May 5, 2022 - News

Pennsylvania could see flood of out-of-state abortion patients

Illustration of a woman carrying an oversized gavel on her back.
Illustration: Maura Losch/Axios

Pennsylvania will likely see an influx of out-of-state patients seeking abortions here if Roe v. Wade is overturned, experts and advocates warn.

The big picture: Abortion will remain legal in the state for the immediate future if the ruling is reversed. But the subsequent patchwork of state laws that would then govern the procedure could drive people seeking abortions to travel to Pennsylvania.

State of play: More than 93% of the roughly 32,000 abortions performed in Pennsylvania in 2020 involved residents, around 37% of which lived in Philadelphia County, according to the latest state report.

  • Nearly half of all abortions in the state in 2020 involved white patients (14,813). Black patients made up the second-largest group (14,177), and Hispanic patients accounted for 3,479.
  • The Guttmacher Institute estimates a 1,169% increase in women ages 15-49 whose nearest abortion provider would be in Pennsylvania if abortion is outlawed in nearby states like Ohio, Michigan, West Virginia and Kentucky.

Zoom in: Elicia Gonzales, the executive director of the Abortion Liberation Fund of Pennsylvania, told Axios she expects a deluge of patients seeking abortion care from neighboring states that don't have similar protections.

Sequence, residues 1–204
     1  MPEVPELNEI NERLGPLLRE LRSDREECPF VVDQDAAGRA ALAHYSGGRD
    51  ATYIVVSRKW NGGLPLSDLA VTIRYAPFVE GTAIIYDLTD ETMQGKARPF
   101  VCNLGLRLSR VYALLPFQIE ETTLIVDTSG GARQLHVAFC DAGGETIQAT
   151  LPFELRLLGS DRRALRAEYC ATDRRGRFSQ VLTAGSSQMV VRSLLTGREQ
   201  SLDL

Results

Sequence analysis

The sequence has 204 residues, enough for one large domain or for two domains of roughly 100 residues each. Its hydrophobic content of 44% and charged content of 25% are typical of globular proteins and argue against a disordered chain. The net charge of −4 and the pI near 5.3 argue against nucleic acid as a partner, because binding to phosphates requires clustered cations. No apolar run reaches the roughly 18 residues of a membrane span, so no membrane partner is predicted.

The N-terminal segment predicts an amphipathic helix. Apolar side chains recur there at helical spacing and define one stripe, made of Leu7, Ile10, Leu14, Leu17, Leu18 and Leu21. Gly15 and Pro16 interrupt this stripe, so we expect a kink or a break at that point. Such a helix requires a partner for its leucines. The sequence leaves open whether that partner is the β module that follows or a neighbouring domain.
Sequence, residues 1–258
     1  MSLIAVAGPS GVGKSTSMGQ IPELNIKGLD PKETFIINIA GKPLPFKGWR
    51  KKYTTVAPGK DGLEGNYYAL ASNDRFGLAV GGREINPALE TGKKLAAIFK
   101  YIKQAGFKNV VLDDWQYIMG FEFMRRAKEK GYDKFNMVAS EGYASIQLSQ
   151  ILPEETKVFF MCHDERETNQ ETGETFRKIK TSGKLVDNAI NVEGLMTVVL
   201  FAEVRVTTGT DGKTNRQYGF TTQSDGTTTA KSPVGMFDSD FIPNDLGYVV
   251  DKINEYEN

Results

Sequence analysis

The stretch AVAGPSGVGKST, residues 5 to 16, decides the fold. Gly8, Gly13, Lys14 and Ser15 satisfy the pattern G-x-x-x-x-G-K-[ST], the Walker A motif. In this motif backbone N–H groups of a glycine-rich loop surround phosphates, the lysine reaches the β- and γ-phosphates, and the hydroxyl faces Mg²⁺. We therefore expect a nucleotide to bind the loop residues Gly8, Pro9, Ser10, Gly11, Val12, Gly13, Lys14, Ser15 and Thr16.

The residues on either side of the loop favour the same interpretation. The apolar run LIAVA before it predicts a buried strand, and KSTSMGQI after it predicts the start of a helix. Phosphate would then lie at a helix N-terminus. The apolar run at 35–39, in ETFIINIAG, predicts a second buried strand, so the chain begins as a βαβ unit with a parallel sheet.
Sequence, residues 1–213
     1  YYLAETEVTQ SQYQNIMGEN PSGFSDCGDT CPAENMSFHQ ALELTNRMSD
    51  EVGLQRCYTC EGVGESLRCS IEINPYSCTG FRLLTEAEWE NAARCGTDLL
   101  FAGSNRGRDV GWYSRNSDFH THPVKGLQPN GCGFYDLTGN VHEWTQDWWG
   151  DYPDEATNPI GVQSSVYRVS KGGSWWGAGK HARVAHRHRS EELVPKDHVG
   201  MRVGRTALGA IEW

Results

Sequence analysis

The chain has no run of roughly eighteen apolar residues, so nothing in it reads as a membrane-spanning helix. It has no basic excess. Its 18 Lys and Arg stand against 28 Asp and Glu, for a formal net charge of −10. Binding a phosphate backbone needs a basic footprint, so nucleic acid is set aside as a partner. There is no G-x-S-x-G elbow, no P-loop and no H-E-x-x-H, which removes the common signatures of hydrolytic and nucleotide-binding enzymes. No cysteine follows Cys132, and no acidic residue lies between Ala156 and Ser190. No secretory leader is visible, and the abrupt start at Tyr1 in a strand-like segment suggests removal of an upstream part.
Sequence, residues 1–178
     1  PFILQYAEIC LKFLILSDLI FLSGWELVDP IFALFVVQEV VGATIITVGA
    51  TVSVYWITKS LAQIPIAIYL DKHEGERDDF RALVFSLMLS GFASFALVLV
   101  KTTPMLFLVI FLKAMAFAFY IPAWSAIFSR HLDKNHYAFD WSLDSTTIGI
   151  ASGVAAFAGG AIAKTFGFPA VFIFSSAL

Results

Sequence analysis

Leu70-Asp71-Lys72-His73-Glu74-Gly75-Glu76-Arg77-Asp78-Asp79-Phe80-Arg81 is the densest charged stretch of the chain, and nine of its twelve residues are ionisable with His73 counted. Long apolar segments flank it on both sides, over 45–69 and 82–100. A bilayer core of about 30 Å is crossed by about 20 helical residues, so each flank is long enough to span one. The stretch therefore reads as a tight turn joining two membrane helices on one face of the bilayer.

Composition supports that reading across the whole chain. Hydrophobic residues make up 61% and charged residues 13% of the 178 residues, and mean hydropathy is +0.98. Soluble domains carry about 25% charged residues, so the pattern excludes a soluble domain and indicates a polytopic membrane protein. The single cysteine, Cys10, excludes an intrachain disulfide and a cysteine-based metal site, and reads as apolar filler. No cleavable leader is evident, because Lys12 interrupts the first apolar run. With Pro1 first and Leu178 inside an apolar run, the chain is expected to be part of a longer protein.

• Gonzales warns it could further strain existing providers.

Last year, her organization provided financial support to help 3,200 people pay for abortions, but she said the need was closer to 7,000.

  • Gonzales told Axios the overwhelming majority of those who call seeking support are Black and brown individuals.
  • "While we embrace and will do everything in our power to ensure that people get the care they need, we're nervous because we already weren't reaching that need," she said.

Between the lines: Low-income individuals and people of color will be disproportionately impacted by a lack of safe and accessible abortion care, experts warn.

  • Many, who may already have limited access to health care, may be unable to afford to travel long distances to receive the procedure or to take off work, according to Amal Bass, the director of policy and advocacy at the Women's Law Project.
  • Plus: Pennsylvania's existing abortion restrictions — like state-mandated counseling, a 24-hour waiting period and no Medicaid coverage — can already make the procedure too costly for many.

What they're saying: "We don't make it easy for people," Bass said. "They have to face a choice where they have to continue pregnancies against their will simply because they don't have the resources to navigate this obstacle course."

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